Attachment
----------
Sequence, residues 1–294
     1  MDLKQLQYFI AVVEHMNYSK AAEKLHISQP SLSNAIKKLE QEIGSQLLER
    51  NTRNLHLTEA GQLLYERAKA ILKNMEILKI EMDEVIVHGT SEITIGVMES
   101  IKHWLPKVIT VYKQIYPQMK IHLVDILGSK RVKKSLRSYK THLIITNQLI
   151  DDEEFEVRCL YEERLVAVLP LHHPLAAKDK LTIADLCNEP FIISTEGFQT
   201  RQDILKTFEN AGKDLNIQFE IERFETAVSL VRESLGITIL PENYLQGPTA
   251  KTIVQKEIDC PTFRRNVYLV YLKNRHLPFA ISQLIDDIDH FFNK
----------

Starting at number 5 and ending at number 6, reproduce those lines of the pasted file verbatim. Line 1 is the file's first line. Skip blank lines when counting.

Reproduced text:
   151  DDEEFEVRCL YEERLVAVLP LHHPLAAKDK LTIADLCNEP FIISTEGFQT
   201  RQDILKTFEN AGKDLNIQFE IERFETAVSL VRESLGITIL PENYLQGPTA